The boys took them and carried out a colourful procession with the girls wearing colourful sarees. As the rally was going on campus, participants were reciting the child-like rhymes. In 1992, the students of Charukla celebrated Boshonto Utshob by organizing a small event, with a face-to-face gesture of friendship. And in 1993, the Holi festival was organized on the campus in Pahela Falgun. Thus the foundation of the Boshonto Utshob festival was established at Dhaka University.

Pahela Falgun as the day of affection and love

For many people, Boshonto is the season of love. The king of the seasons returns every year with the message of love. People have been celebrating Valentine’s day for several decades, but our own culture also significantly impacts people’s minds and hearts. Preferably, many people capture Pahela Falgun as the actual day of love. The emotional minds of people shake simultaneously with new leaves.

A lot of people wait all year to express their affection to a particular person at this festival. Again, lovers wearing Basanti sarees and Panjabi on the streets, parks, entertainment centres, and university campuses are common to watch on Pahela Falgun.

Boshonto Utshob- The Festival of love in Bengal

Want to be a part of Boshonto Utshob 2024?

I am sure by this time you are already in love with the Bangladeshi tradition of celebrating the Boshonto Utshob or spring festival. You might be thinking about joining the Boshonto Utshob. As a local, you should not have any problems reaching Dhaka University. You need to come to Dhaka and then straight to the University of Dhaka on Pahela Falgun or on 14th February.

And as for foreigners and tourists, after reaching Bangladesh, come out of the airport. There are local transports to go to the University of Dhaka. But I will not recommend it to foreigners.  I will suggest you cross the street using the foot overbridge. Then use the Uber app on your phone and call a ride to Dhaka University. The car driver will unswervingly take you to the event spot. You might also keep an eye on Dhaka Univerity’s official website to get event updates.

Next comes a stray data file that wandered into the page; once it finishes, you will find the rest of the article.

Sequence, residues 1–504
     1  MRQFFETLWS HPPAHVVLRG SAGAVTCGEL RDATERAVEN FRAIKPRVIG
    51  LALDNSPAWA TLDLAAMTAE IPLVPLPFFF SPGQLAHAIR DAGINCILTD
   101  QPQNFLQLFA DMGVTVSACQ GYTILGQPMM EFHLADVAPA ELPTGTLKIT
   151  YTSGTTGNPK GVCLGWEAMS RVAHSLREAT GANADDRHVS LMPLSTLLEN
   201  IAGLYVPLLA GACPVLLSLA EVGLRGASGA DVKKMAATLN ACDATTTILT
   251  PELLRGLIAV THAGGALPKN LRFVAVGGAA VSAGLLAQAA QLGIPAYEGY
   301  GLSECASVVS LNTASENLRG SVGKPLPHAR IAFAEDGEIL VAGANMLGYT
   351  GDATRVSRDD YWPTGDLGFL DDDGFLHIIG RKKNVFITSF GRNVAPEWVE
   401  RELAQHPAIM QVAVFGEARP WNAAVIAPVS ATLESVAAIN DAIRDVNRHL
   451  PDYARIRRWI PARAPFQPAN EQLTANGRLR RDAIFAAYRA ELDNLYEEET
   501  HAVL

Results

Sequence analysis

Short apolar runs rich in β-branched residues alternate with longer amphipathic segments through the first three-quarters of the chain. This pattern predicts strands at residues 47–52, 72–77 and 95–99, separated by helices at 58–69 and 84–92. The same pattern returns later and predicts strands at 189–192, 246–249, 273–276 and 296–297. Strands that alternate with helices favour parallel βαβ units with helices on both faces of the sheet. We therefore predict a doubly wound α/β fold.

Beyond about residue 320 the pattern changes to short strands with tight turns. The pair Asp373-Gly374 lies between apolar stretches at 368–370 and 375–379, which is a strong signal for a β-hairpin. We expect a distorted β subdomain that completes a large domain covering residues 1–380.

Importance of Boshonto Utshob

Many minds, many thoughts. People celebrate Boshonto Utshob in multiple ways.  That is fine to a specific point. But they should also not forget; this is one of the biggest festivals in our culture. They should not mix it with the western culture of Valentine’s Day. You don’t need an additional day to celebrate love when you already have one.  Let’s come forward and represent this day to the world as the new day of love.

– How Does the Boshonto Utshob Festival Compare to the Dhaka International Trade Fair in Terms of Cultural Significance?

The Boshonto Utshob festival is a vibrant celebration of the arrival of spring in Bangladesh, filled with colorful cultural events, traditional music, and dance. In contrast, the Dhaka International Trade Fair is a more commerce-focused event, showcasing products from various industries and promoting economic growth. Despite their differences, both the Boshonto Utshob festival and the dhaka international trade fair play an important role in showcasing Bangladesh’s rich cultural heritage and economic potential.

What Are the Similarities and Differences Between Boshonto Utshob and the Hungry Ghost Festival?

Boshonto Utshob and the Hungry Ghost Festival traditions both celebrate the arrival of a new season. The main difference lies in their cultural significance. While Boshonto Utshob is a celebration of spring in Bangladesh, the Hungry Ghost Festival is a traditional Chinese festival honoring ancestors and deceased relatives.


Bangladesh has a vibrant culture. People live in this country in harmony. Bangladesh is a unique country. Outsiders admire them a lot for our culture, our history. Let’s try to keep this that way. As much as we need to celebrate our cultural events, we should also respect other countries’ celebrations. With a world full of love and events, humankind will prosper together.

Discover more cultural events in Bangladesh:

Pahela Baishakh – The Day to Reborn

Bisu Mela – An Ethnic Carnival